Correlations with SES variables, obesity-related health outcomes, or established food accessibility metrics (e.g., USDA Food Access Research Atlas) were employed to analyze the consistency among different food accessibility metrics. Three studies compared the correlation results using different analysis units. We found that (1) using ZIP code zone had the least degree of correlations with obesity-related health indicators, compared to that using an 800-m circular buffer of schools (Jia et al., 2019), census tracts (Fan et al., 2014), or a 1-km circular buffer of household locations (Fan et al., 2014); and (2) directions of the association between SES and food accessibility were different between two types of analysis units: census tract and block group (Barnes et al., 2016).

Many studies changed scale-related variables (e.g., buffer distance) in the geospatial model as a way to test the validity of the correlation with health indicators. The findings were relatively mixed: (1) studies found that there was no significant correlation between food accessibility and obesity-related health outcomes by changing the buffer distance in the geospatial model (Baek, Sanchez-Vaznaugh, & Sánchez, 2016; Luan et al., 2016; Murphy et al., 2017). However, the association became significant when the correlation analysis was applied to selected areas only, such as the central city (Baek et al., 2016) or low SES areas (Murphy et al., 2017); (2) using a circular buffer of households was more likely to reveal correlations between food accessibility and obesity, compared to that using the network buffer (Jia et al., 2019) or container-based measures (Fan et al., 2014); (3) the buffer distance should be limited to a certain size, as no correlation between food accessibility and food consumption was found beyond a 0.5-km buffer of household locations (Ollberding et al., 2012).

Discussion

Key findings of this review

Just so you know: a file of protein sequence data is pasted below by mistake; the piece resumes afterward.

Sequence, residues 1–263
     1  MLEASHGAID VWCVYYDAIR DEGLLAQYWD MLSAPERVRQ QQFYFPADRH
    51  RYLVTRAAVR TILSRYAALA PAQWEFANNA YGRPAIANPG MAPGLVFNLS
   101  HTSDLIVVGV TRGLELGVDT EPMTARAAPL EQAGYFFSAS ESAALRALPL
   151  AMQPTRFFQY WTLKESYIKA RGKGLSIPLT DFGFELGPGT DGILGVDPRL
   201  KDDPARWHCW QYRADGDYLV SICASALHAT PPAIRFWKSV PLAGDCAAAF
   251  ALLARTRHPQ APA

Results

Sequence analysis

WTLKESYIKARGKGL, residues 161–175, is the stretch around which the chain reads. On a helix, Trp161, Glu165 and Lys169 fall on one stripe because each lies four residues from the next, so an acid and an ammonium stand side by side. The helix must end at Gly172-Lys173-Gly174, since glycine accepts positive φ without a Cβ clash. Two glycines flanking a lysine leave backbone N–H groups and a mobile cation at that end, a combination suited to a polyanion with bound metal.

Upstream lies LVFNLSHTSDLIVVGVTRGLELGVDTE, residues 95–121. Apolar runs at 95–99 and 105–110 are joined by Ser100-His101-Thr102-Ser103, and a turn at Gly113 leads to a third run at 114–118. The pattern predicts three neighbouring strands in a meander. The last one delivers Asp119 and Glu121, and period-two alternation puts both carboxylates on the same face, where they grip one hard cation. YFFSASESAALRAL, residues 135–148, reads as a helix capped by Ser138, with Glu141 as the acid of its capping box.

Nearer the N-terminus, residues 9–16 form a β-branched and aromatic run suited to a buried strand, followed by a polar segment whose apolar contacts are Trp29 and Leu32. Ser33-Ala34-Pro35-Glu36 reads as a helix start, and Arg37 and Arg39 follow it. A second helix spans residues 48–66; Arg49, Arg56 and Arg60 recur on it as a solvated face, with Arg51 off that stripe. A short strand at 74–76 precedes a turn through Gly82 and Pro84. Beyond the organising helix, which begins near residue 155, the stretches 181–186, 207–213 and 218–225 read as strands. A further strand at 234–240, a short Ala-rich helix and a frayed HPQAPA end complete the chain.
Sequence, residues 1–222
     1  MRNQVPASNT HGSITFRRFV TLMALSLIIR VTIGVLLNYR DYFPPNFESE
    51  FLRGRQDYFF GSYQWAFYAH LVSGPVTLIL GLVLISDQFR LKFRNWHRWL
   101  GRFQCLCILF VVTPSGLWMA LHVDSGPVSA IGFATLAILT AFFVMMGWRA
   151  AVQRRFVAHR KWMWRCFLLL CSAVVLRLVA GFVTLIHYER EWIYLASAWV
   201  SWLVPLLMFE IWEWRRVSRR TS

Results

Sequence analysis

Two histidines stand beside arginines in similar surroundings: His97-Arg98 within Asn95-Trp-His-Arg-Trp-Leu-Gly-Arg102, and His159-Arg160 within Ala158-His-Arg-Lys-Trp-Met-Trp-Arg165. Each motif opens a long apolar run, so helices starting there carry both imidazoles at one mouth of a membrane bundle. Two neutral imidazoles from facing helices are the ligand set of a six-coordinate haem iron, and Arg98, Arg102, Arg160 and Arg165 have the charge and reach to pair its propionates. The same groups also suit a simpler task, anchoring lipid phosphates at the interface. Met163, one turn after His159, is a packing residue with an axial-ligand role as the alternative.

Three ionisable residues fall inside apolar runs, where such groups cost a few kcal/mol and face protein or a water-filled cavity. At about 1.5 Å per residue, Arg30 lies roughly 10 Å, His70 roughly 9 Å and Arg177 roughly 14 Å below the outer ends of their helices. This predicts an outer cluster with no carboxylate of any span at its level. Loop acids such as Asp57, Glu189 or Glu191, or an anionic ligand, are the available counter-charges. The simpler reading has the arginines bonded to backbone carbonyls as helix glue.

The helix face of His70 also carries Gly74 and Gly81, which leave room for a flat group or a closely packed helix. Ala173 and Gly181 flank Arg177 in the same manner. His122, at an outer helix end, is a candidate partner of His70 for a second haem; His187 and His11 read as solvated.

The paper identifies that all MAUP-related community food environmental studies were focused on developed countries, particularly the United States. The majority of studies employed a “container” model by aggregating attributes of food stores within an analysis unit (e.g., census tract, ZIP code); and a “buffer” model with different buffer distances was also employed. While there has been no definite criterion to choose the best analysis unit or buffer distance, we identify these key findings: (1) ZIP code is not recommended as an appropriate analysis unit for modeling food accessibility, as it did not have significant correlations with health indicators (Fan et al., 2014; Jia et al., 2019); (2) using a circular buffer of less than 0.5 km around household locations was most likely to reveal health correlations, compared to network buffers or container-based measures (Fan et al., 2014; Jia et al., 2019); and using the 0.5-mile gravity-based measure had a better consistency with the USDA low-access measure (Chen, 2017); (3) to reveal health effects of the community food environment, it is recommended to focus in selected regions or partitions of a study area with similar SES, such as the central city or low SES areas (Baek et al., 2016; Murphy et al., 2017); (4) while it is impossible to completely remedy the MAUP, we suggest that any community food environmental study utilizing a single statistical unit or a distance measure should discuss the existence of the MAUP, such as evaluating the sensitivity of the model to the change of the unit or the distance measure.